I must say that I really like how the 2nd floor comes off. It will be a lot easier to play games with this building because the 2nd floor is a separate piece from the first floor. I think the joints that allow this could have been hidden better but the basic idea is sound and I like it. I know I took some pictures of this one in combination with the other buildings in Calamity right now but I'm just not sure what safe place I put them in.

12 comments:

  1. This is the kind of thing that is well beyond my skill level. And with the shortcomings you mentioned, I couldn't solve those problems either. Nice buildings your buying here Kris!

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    1. I don't think its beyond your skill level at all. I wouldn't tackle this one as my first kit but put a couple of the other ones together and you will be all set to take it on.

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  2. Another great looking building Kris, not too sure if I'd be very happy with no instructions either!! And what a shame about the interior wall, covering the window!! I supposes really when its painted up and on the board with the others you won't think about it very much, but bad service in my view!

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    1. If you are aware of the issue with the wall its simple enough to cut the walls to the right length. I just caught it to late and then got stubborn about it. I'm sure in the end when its all finished the only one that is going to care is me! Its still a good gaming building, but this one definitely needs a page of instructions if for no other reason than to show you the proper build sequence.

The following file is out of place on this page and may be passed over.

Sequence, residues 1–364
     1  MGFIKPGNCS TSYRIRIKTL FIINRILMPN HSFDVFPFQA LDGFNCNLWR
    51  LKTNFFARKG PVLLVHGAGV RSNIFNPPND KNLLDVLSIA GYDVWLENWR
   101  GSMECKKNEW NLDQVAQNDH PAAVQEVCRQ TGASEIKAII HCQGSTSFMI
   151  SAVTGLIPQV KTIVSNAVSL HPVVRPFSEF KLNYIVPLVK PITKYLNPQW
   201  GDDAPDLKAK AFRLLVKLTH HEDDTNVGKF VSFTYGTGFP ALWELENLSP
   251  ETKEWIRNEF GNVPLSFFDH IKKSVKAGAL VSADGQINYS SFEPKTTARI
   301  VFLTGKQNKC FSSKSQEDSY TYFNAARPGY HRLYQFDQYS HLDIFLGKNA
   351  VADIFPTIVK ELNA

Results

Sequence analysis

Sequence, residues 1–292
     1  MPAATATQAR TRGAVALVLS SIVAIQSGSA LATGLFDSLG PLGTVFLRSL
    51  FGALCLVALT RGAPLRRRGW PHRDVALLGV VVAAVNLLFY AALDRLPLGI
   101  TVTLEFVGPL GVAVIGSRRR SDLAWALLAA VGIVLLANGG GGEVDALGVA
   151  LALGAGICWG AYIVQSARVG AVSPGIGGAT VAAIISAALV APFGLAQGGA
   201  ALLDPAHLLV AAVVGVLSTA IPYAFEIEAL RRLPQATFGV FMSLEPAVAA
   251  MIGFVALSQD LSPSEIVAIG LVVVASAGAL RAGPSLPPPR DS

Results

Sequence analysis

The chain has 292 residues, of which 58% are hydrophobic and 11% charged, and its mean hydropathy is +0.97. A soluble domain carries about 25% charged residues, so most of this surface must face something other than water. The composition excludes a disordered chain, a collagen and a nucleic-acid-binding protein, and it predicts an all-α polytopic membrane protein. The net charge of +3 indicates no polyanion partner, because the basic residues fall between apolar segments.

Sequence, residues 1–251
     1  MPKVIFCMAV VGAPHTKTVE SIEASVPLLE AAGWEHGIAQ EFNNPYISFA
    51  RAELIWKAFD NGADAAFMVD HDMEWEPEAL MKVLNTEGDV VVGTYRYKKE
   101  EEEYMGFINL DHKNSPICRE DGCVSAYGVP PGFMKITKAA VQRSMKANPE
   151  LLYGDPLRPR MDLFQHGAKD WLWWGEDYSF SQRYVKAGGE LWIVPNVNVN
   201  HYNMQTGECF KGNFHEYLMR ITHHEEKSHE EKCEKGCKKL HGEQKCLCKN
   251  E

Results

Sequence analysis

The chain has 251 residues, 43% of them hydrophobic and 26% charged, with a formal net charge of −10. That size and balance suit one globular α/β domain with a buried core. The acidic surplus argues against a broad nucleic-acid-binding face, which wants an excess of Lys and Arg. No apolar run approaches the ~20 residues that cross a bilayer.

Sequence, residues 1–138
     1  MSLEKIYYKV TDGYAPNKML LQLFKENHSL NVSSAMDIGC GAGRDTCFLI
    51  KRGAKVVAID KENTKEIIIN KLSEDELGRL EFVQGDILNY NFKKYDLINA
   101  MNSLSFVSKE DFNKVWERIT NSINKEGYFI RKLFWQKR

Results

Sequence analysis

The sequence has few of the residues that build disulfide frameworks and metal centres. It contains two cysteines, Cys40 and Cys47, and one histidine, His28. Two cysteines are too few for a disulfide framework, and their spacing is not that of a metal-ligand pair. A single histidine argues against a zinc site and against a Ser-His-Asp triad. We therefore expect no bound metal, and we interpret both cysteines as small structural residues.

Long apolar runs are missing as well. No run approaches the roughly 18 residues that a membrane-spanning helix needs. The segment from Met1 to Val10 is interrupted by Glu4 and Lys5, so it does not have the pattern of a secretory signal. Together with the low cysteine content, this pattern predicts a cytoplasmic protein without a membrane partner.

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  3. A lovely looking kit but you overcame the problems as much as you could well but shouldn't have had to in the first place.

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    1. In the end the problems are relatively minor, it would have helped a lot to catch the problem with the wall a lot earlier!

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  4. Geat looking building, pictures and explanations are really nice!

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    1. Glad you enjoyed the post. I'm always hoping that what I put up is helpful to somebody out there.

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    1. I'm glad you it worth while! You do have an odd link in your post though.

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  6. I have this building and the interior walls were not to long as shown in the photos. They must have noticed the problem and fixed it. I know company making the buildings is new and probably working out some minor issues. I would expect to see instructions with these kits soon. Also laser cutters use CorelDraw when designing not CAD. CAD is more for plastic injected mold design and is used for designing 3d objects like the miniatures.

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    1. I'm glad those interior walls seem to be fixed. I did order these kits as soon as they hit the Knuckleduster site so there were probably mistakes made that were corrected.

      I didn't know that CorelDraw could be used for creating the plans, although that makes sense. They definitely do use various CAD programs to make laser cut templates as well. I guess as along as the end result is a building I can put together I'm happy!